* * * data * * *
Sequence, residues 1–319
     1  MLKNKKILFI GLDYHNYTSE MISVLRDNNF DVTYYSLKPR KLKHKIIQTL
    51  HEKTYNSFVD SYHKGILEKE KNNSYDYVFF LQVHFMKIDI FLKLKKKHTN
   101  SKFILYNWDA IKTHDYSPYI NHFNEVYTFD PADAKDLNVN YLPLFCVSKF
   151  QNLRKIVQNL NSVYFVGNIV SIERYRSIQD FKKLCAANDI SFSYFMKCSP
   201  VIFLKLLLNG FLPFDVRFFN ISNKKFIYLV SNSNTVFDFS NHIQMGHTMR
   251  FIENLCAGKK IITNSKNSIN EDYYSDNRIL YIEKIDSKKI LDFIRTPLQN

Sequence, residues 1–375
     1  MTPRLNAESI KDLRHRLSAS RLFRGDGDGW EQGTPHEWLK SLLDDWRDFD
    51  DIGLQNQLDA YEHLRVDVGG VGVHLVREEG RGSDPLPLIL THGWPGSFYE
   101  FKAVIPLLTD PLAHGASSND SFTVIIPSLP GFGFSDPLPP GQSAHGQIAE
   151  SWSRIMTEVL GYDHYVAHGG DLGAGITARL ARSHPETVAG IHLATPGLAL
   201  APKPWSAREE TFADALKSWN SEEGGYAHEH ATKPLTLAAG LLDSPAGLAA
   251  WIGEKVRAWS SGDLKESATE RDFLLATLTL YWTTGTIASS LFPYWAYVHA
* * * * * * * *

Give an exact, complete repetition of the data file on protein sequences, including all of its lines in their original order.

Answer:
Sequence, residues 1–319
     1  MLKNKKILFI GLDYHNYTSE MISVLRDNNF DVTYYSLKPR KLKHKIIQTL
    51  HEKTYNSFVD SYHKGILEKE KNNSYDYVFF LQVHFMKIDI FLKLKKKHTN
   101  SKFILYNWDA IKTHDYSPYI NHFNEVYTFD PADAKDLNVN YLPLFCVSKF
   151  QNLRKIVQNL NSVYFVGNIV SIERYRSIQD FKKLCAANDI SFSYFMKCSP
   201  VIFLKLLLNG FLPFDVRFFN ISNKKFIYLV SNSNTVFDFS NHIQMGHTMR
   251  FIENLCAGKK IITNSKNSIN EDYYSDNRIL YIEKIDSKKI LDFIRTPLQN

Sequence, residues 1–375
     1  MTPRLNAESI KDLRHRLSAS RLFRGDGDGW EQGTPHEWLK SLLDDWRDFD
    51  DIGLQNQLDA YEHLRVDVGG VGVHLVREEG RGSDPLPLIL THGWPGSFYE
   101  FKAVIPLLTD PLAHGASSND SFTVIIPSLP GFGFSDPLPP GQSAHGQIAE
   151  SWSRIMTEVL GYDHYVAHGG DLGAGITARL ARSHPETVAG IHLATPGLAL
   201  APKPWSAREE TFADALKSWN SEEGGYAHEH ATKPLTLAAG LLDSPAGLAA
   251  WIGEKVRAWS SGDLKESATE RDFLLATLTL YWTTGTIASS LFPYWAYVHA